Often, you don't have to buy a box seat and put on a tiara to experience great art in Colorado. In our new "Random Acts of Culture" series, we invite Coloradans to share stories about unexpected arts experiences that happen around every street corner.
The summer of 2012 was hot and dry along Colorado’s Front Range. At Stonebridge Farm, we tried to anticipate what we should do next. Apples and raspberries were ready early. Would the wine grapes in our vineyard ripen ahead of schedule too? We abandoned the stifling upstairs bedroom in our old farmhouse and quit checking the weather report, figuring “Hot” was in the forecast and we’d rather not know how hot “Hot” would be.
And then it rained. Not just a few drops to sprinkle the arid earth -- a real rain that brought much needed moisture to our area.
But that sounds like a weather report. Here’s what really happened:
When the rain came, I was playing old-time music on the back porch of our Sunflower Community Room. We gather there once a month to share three hours of old-time groove with a revolving group of dedicated experienced and aspiring musicians. I’m not much good on the mando yet, but I know when a song really moves, when the music seems to find itself in the rounds of repetition, part A following part B, whirling us away in merry abandon until someone lifts their foot to signal the last go-round.
We were playing out on the screened porch to try to catch any breeze a breathless evening offered when we glanced an unanticipated flash of lightning strike west of the farm toward Long’s Peak. I still hadn’t checked the weather report, having conceded the inevitability of many hot July days to come. Our June temps had been the hottest on record since 1977, following a May and April of similarly record-shattering warmth. We’d been so many weeks without a real rain, even the possibility of rain had grown dim. With only a few slight showers in the previous two weeks bringing little rain but many lightning strikes to start some of Colorado’s worst fires, any sign of lightning was sobering. I’ve lived here long enough to know that lightning near Long’s means a storm is on its way. Still, that night a real storm didn’t seem particularly imminent.
I don’t remember which tune we were playing when the rain came. Some say it’s all the same song anyway, and they’ve got a point. Old-time music draws on endless variations of melodies within a given key, but the fact that each is named and remembered proves their distinction. The names themselves are part of the music’s charm; names like "Bear Went Over the Mountain"; "Sally’s Got Mud";" Sweet "Milk and Peaches," and "Run Down Boot" portray the down-home feel-bad feel-good sense that playing old-time brings.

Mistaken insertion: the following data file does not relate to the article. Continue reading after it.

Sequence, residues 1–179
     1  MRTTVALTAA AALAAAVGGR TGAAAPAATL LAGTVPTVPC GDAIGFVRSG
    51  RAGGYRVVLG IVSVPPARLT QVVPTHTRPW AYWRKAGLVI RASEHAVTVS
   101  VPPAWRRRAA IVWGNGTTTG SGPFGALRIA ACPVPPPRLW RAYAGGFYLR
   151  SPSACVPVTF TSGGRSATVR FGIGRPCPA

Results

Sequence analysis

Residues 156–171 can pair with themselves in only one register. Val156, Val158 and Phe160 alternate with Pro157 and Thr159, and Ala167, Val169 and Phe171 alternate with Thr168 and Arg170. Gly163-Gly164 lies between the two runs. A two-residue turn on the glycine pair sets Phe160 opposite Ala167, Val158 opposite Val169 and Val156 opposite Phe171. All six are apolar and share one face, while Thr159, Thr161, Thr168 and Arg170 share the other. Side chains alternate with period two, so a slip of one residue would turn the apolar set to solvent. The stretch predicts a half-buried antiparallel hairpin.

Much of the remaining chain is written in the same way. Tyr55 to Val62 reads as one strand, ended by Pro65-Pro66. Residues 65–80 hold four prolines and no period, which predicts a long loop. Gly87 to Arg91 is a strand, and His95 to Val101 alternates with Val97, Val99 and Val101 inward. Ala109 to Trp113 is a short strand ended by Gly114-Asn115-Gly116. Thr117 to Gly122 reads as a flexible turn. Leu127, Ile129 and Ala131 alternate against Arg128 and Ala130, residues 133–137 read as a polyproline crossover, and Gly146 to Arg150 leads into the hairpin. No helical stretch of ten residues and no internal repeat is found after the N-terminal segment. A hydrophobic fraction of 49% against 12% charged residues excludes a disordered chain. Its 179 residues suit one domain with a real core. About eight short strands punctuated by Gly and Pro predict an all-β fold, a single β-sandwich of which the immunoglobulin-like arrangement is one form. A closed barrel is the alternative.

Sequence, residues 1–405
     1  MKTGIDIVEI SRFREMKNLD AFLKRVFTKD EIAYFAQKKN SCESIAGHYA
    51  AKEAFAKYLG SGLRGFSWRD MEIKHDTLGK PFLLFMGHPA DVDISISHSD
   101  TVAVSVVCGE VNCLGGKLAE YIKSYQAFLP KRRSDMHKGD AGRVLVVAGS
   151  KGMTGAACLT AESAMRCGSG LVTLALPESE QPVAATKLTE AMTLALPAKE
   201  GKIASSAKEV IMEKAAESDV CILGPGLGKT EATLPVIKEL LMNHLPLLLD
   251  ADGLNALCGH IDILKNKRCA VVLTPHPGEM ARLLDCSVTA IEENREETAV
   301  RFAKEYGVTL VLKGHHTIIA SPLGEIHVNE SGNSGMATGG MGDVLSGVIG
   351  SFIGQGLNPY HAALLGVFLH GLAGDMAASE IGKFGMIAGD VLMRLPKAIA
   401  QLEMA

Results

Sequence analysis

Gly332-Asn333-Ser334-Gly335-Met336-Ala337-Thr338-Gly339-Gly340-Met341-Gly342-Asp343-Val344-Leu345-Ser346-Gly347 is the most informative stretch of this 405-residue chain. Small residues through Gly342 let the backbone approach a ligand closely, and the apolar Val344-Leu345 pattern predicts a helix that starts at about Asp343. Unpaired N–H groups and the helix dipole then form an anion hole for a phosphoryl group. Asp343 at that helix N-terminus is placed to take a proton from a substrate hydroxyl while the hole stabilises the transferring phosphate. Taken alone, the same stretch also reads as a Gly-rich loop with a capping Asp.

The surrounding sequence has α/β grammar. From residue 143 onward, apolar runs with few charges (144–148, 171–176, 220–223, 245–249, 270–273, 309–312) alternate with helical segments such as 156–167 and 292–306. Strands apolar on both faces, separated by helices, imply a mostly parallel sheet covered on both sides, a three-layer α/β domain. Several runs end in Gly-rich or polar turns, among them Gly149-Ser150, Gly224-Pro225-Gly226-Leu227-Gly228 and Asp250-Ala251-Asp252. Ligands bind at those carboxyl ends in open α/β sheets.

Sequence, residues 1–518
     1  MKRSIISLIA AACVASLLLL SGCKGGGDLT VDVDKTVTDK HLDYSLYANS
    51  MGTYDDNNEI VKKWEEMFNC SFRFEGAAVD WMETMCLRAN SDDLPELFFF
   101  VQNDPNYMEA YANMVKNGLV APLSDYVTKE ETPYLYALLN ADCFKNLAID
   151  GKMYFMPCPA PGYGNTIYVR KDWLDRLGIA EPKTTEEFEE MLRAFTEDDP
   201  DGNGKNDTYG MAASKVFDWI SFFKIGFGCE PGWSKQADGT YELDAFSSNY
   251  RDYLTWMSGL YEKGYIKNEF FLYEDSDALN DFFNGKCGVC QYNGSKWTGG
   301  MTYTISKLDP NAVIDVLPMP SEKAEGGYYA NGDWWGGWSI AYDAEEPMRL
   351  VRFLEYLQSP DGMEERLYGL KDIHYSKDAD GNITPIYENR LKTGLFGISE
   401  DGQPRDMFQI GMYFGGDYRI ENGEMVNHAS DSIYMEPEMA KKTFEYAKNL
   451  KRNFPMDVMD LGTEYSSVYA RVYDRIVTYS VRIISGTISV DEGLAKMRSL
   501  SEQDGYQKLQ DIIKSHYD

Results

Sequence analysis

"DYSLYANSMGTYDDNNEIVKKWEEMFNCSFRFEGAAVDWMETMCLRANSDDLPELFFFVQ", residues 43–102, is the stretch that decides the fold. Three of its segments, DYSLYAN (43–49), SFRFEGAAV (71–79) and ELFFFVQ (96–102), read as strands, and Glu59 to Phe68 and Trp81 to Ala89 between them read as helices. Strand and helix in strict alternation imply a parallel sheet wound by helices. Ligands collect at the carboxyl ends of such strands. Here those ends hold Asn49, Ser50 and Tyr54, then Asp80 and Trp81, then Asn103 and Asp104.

Perhaps we were playing Garfield’s "Blackberry Blossom," a traditional song that pre-dates that president (a relatively newer “old-time” song, Nixon’s Farewell, commemorates another). And then the wind picked up, blowing one strong gust through the porch that sent me flying into the community room to shut doors and windows before the tablecloths were thrown askew. Thinking the storm wouldn’t amount to much, I went back to the circle to join another round.
When we were knee-deep in the next tune, the rain began, barely a few drops falling before the thick clouds opened over Stonebridge, pounding the tin roof over our heads. When lightning cracked above us, we raised our eyebrows and glanced first at each other and then outside at the dimming light without skipping a beat as the rain poured down around us.
Which would finish first, the song or the storm? Another flash of lightning decided the debate. The rain had more staying power than we did. As we finished the tune, we turned to each other, surprised at what we’d come through. “We brought the rain!” we cheered. A real rain. A cloudburst. A thunderstorm that promised more moisture to the fields than anything we’d seen in months.
The rain poured for 10 minutes and left puddles in the ruts of the driveway outside. A few people left to get home before dark and a few more arrived with umbrellas. As we began another tune, the wind blew cold across the porch. After so many weeks of heat, it felt good to be chilled -- until it didn’t and we moved inside to finish the evening with a few final old-time tunes.
As we left the Sunflower Room with our instruments, the nearly full moon filled the puddles in the road with light. The night breeze hummed the storm’s exuberant passing, a melody of moisture replenished, crops revived, and farmers and musicians refreshed anew.
Even in the moonlight, the farm looked relieved, like it might make it through the season after all. The hottest months weren’t over and our ditch could run dry yet, but we were happy for the reprieve of a rainstorm and the return of green.
Kayann Short, Ph.D., is a writer, farmer, teacher, and activist at Stonebridge Farm, an organic community-supported farm in the Rocky Mountain foothills. “When the Rain Came” is an excerpt from her memoir, A Bushel’s Worth: An Ecobiography, published by Torrey House Press.